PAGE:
As discussed in detail above, though the noble metal can decrease the charge polarizations and enhance the energy efficiency in Li-O2 batteries, using noble catalysts also increases the risk of side reactions from cathodes and electrolytes. For instance, Pt and Pd based catalysts can accelerate the decomposition of solvent by the differential electrochemical mass spectrometry (DEMS) results [95, 97]. Peng et al.  showed that the continuous CO2 evolution can be identified at the later charge process for Ru-carbon nanotube (Ru-CNT) and Pd-CNT catalysts by the DEMS characterizations (Figs. 5a and b). Though Ru-CNT and Pd-CNT catalysts can improve OER overpotentials and high round-trip efficiency (Figs. 5c and d), the reversibility is impaired by the parasitic reactions. Therefore, there is no improvement for the rechargeability by using Ru-CNT and Pd-CNT cathodes (Figs. 5e and f). Similar results was observed by Byon et al. . By using Pt, Ru, Pd and Au as cathode catalysts for Li-O2 cells, they found that the oxidation process of Li2O2 is accompanied by more side reaction. These results suggest that using noble metal-based catalysts in fact damage the reversible formation and decomposition of Li2O2.
3.2 OER for noble metal oxides
Among all the noble metal oxides, RuO2 represents excellent OER catalytic performances due to its metallic character with high electronic conductivity (104 S/cm for single crystal) [98, 99]. Zhou et al.  prepared the RuO2 hollow spheres with diameters of 200–300 nm as the catalyst for cathode electrodes. The RuO2 hollow spheres showed a charge overpotential of only 0.54 V even up to 100 cycles. Impressively, Zhou et al.  also designed a core shell-structured CNT@RuO2 hybrid as the cathode. The Li-O2 batteries with CNT@RuO2 cathodes showed a low charge overpotential of 0.51 V. Unfortunately, the specific role of RuO2 during the OER process should be further elucidated. Byon et al. suggested that the RuO2 was beneficial to the generation of amorphous Li2O2 on the CNTs, and the large contact area between CNTs and Li2O2 can promote the OER kinetics (Figs. 6a and b) . According to first-principle calculations, Kim et al.  proposed that insulated Li2O2 can interact with RuO2 through a Stranski-Krastanov growth mode and transform into conductive Li2O2, which leads to a low charge overpotential. RuO2 demonstrates strong adsorption strength towards Li2O2 (−3.74 eV), leading to the formation of RuO2/Li2O2 heterostructure. After depositing Li2O2 on the surface of RuO2, obvious charge transfer as well as remarkable lattice mismatch between Li2O2 and RuO2 can be observed (Fig. 6c), which makes the insulative Li2O2 conductive according to the density of state results (Fig. 6d). Recently, the charge mechanism of RuO2 was further investigated by Chen's group  via an aberration-corrected scanning transmission electron microscope with a high angle annular dark field detector (HAADF-STEM) and synchronous electrochemical measurements. During the charge process, the catalytic sites are located at solvent-RuO2-Li2O2 triple-phase interfaces. RuO2 can accelerate both the oxidation process of surfaced discharge products and the decomposition of soluble LiO2 to dissolve the insulated discharge product of Li2O2 via a chemical disproportionation reaction. This mechanism provides new insights into OER reactions of noble metal-based catalysts.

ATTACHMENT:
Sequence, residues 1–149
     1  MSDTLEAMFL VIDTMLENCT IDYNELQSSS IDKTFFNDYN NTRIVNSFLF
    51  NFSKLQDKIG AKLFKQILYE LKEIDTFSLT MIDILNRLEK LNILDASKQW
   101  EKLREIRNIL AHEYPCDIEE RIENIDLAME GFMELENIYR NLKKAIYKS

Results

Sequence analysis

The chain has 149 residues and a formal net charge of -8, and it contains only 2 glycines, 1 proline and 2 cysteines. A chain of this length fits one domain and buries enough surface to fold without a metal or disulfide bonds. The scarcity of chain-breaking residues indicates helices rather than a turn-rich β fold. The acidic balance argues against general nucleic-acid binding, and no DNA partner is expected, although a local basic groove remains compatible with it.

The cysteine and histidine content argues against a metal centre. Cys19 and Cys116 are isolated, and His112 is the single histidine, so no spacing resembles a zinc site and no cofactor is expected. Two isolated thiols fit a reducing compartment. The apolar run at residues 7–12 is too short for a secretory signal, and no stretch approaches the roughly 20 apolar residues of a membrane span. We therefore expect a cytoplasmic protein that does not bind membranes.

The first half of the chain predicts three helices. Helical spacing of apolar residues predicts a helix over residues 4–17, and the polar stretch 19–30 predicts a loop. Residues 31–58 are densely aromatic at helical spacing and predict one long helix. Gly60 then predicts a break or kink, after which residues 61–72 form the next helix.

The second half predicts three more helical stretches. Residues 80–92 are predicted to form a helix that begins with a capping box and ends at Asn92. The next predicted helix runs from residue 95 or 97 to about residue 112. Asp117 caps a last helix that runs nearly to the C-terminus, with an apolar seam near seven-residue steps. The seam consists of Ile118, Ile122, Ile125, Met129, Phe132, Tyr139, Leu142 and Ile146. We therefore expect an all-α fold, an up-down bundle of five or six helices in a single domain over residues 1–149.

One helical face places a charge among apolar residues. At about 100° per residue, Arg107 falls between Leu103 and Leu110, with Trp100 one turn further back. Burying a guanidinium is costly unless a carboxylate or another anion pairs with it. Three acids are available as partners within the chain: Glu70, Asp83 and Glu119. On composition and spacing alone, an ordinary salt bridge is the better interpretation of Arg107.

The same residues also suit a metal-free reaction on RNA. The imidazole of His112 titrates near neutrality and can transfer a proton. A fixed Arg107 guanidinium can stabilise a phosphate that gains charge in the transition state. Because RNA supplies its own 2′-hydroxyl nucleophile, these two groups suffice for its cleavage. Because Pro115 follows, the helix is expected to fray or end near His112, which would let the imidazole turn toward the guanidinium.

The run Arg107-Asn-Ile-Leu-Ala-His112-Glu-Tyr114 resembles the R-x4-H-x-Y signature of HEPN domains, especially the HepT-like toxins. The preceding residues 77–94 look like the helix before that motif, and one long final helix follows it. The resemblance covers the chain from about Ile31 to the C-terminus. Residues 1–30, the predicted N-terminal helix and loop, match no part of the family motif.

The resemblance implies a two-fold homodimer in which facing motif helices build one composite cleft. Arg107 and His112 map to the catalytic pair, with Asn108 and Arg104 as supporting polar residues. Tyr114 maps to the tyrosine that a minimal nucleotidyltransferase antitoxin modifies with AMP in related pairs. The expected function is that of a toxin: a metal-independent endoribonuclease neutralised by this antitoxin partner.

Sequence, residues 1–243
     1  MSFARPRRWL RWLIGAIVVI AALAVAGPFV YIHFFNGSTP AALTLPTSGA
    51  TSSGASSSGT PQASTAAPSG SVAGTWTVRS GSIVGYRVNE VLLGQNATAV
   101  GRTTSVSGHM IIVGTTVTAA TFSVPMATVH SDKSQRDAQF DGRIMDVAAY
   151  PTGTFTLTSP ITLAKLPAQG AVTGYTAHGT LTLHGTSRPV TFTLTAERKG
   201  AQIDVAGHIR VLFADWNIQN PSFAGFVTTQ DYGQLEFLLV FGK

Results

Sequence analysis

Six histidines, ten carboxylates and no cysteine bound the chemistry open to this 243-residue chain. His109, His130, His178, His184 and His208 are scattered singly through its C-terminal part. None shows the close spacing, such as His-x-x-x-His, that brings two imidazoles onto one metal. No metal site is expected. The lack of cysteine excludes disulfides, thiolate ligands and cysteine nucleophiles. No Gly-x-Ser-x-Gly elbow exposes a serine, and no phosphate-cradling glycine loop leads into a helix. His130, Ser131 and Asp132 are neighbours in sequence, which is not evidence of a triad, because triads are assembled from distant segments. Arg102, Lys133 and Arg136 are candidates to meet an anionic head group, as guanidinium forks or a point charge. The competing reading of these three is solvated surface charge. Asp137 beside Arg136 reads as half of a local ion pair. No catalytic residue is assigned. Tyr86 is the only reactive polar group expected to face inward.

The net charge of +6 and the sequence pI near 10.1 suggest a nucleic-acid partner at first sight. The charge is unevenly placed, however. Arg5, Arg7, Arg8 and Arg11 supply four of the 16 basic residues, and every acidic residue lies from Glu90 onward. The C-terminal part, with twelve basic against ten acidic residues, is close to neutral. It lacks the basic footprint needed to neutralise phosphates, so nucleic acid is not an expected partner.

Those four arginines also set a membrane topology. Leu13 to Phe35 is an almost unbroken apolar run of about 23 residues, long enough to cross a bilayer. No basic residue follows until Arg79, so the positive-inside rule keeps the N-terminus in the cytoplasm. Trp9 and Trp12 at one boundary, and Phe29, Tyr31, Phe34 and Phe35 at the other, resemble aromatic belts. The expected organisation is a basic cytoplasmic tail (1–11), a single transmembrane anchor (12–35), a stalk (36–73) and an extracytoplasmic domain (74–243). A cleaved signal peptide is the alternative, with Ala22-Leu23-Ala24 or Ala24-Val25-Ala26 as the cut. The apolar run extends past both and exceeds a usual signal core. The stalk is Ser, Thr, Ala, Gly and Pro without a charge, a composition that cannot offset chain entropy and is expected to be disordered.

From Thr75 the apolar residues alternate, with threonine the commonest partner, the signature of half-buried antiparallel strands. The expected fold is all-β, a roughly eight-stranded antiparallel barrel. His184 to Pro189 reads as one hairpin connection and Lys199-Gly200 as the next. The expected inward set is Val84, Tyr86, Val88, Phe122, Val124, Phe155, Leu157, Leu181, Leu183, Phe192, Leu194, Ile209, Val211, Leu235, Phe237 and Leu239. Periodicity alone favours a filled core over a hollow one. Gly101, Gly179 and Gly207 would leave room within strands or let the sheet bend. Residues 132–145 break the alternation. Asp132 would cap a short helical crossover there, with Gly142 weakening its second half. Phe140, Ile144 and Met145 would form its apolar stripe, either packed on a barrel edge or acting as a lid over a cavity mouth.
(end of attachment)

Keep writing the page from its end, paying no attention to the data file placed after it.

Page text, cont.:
3.3 OER for noble metal-based alloys
Alloying noble metal with the other metal is a feasible tactic to enhance the catalytic performance for Li-O2 batteries. Considering Pt-based alloy, Shao Horn et al.  developed PtAu nanoparticles as the catalyst for Li-O2 cells, resulting in a low overall potential (0.85 V) at 0.05 A/g (Figs. 7a and b). In addition, the PdCu nanoparticles fabricated by Kang et al.  demonstrate a high energy efficiency of 80% at 0.2 A/g. The DFT calculations showed that the electron transfer from Cu to Pd can decrease adsorption strength towards LiO2, leading to a low OER overpotential (Figs. 7c and d). Similarly, Kim et al.  confirmed that the adsorption strength towards LiO2 is related to the charge overpotential of Pt3Co catalysts. In particular, the decreased adsorption between LiO2 and Pt3Co alloy caused a low charge overpotential of 0.56 V at 0.2 A/g.